The Met Office encourages residents of the area to prevent damage or injuries by securing furniture in their homes so that they do not fall in the event of an earthquake. This includes residents in the Reykjavík capital area, as earthquakes on the Reykjanes peninsula can be felt there as well.

Live Feed of Blackbird Nest Delights Bird Lovers

svartþrastarhreiður blackbird nest

Bird lovers around the world can now tune into a live feed of a blackbird nest in Iceland where one hardworking parent is incubating three eggs. The eggs are expected to hatch in the coming days. The feed is provided by RÚV television program Landinn.

Called a svartþröstur in Icelandic, the Eurasian blackbird (Turdus merula) was first recorded breeding in Iceland in 1969. There are now over 2,000 blackbird pairs in the country, mostly nesting and wintering in Southwest Iceland but also in other regions.

The Eurasian blackbird mostly nests in trees where it builds a neat, cup-shaped nest. Its light-blue eggs are about the size of a 10-króna coin, measuring around 2.7cm (1in) across. The birds most often lay 3-5 eggs, which they incubate for 13-15 days before they hatch. The species is monogamous, and an established pair will usually stay together as long as they survive.

Migratory birds return to nest and guests arrive

Spring is the ideal season for birdwatching in Iceland, as migratory birds are returning to the country from their wintering grounds to nest. It is also the best season to spot birds that are only occasional visitors, such as the glossy ibis below. The species was spotted on May 2 for only the 9th time ever in Iceland.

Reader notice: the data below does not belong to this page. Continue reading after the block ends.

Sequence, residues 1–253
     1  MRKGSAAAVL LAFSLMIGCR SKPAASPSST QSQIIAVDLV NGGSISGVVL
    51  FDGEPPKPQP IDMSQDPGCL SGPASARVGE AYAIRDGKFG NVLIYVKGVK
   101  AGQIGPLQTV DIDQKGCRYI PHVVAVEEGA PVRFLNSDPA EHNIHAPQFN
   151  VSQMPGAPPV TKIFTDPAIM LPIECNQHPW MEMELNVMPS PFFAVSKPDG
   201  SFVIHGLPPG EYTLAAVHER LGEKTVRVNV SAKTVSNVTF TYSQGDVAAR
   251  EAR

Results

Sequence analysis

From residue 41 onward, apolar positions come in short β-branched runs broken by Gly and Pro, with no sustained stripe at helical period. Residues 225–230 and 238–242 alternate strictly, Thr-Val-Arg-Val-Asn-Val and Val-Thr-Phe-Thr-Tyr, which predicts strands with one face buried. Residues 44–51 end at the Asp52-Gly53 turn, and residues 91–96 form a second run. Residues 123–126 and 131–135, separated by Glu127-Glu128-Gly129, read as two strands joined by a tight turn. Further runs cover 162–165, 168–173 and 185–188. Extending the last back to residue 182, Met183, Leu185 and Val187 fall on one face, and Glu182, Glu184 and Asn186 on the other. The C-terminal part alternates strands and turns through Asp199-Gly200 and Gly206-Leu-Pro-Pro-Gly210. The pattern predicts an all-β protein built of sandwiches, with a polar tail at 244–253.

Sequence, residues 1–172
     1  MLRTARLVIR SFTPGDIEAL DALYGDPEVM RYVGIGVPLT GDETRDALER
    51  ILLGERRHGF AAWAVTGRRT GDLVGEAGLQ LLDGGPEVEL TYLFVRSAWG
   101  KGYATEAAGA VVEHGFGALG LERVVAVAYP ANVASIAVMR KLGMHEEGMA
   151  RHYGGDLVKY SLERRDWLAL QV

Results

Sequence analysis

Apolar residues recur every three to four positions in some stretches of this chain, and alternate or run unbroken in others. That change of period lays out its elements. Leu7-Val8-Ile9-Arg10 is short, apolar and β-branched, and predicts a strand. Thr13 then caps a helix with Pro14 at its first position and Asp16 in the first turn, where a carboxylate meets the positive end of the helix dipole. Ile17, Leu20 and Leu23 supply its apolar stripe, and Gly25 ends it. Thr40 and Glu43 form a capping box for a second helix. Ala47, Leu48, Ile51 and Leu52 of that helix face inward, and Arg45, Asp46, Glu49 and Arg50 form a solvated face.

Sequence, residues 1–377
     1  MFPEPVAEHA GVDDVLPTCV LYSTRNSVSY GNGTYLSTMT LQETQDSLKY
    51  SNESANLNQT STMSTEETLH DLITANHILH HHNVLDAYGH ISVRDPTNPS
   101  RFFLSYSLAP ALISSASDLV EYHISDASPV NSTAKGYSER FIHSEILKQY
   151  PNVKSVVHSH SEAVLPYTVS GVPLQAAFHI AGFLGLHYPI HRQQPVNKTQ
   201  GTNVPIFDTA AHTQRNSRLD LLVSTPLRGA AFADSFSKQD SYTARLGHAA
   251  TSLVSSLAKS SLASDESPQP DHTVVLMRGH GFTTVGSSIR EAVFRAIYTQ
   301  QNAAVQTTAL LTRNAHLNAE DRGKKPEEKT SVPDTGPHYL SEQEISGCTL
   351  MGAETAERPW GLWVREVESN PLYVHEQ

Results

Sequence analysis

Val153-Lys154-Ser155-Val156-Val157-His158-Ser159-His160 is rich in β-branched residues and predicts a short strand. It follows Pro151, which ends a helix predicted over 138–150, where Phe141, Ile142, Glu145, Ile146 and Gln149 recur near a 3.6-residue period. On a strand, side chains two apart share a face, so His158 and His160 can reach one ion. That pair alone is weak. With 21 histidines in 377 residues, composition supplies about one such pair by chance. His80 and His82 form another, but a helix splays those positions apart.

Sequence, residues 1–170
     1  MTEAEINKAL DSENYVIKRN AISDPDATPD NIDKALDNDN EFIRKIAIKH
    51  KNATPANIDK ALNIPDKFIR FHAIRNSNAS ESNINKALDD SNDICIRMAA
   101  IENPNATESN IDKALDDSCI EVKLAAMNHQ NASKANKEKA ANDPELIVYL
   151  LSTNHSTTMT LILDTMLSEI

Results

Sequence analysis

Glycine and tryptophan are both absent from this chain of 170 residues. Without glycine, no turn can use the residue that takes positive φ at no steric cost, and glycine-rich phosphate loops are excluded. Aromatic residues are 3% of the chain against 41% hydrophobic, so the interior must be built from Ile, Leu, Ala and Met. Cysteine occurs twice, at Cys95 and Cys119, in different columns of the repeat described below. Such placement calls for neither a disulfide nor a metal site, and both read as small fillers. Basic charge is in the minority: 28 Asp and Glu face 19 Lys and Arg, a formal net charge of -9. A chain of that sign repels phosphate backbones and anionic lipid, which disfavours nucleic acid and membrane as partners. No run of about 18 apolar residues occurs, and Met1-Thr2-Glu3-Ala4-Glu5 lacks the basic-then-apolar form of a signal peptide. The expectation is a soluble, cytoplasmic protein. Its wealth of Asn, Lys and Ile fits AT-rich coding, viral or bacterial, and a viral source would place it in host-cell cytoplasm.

Iceland’s “The Mountain” Breaks World Record for Deadlift

Hafþór Júlíus Björnsson The Mountain

Icelander Hafþór Júlíus Björnsson set a new world record for deadlift on May 2 when he lifted 501 kilograms (1,104.5 pounds). Hafþór is a professional strongman and actor, best known for his portrayal of Gregor “The Mountain” Clegane in HBO series Game of Thrones. Hafþór surpassed Eddie Hall’s previous strongman deadlift record of 500kg (1,102.3lbs) set in 2016.

Hafþór is the first person to have won the Arnold Strongman Classic, Europe’s Strongest Man and World’s Strongest Man in the same calendar year. He has been the defending champion of the Arnold Strongman Classic three years running.

Hafþór’s record-setting was little reported on in Iceland, where he is a controversial figure. In 2017, two Icelandic companies reconsidered their promotional contracts with the strongman when several of his ex-girlfriends came forward with allegations of domestic abuse. One of them, Thelma Björk Steimann, also the mother of Hafþór’s child, described years of sexual violence she was subjected to by Hafþór in an interview that same year. Hafþór has denied all the accusations.

Raising Riders

To reach Hólar University in winter, you must drive through the ice-covered Hjaltadalur valley. On your way there, you’ll pass groups of horses in almost every colour of the rainbow. You’ll notice their thick and shaggy winter coat, and how they huddle together to keep warm. The snow on their furry backs might send a shiver down yours – but the horses have been here for a millennium, bred to survive the harsh conditions.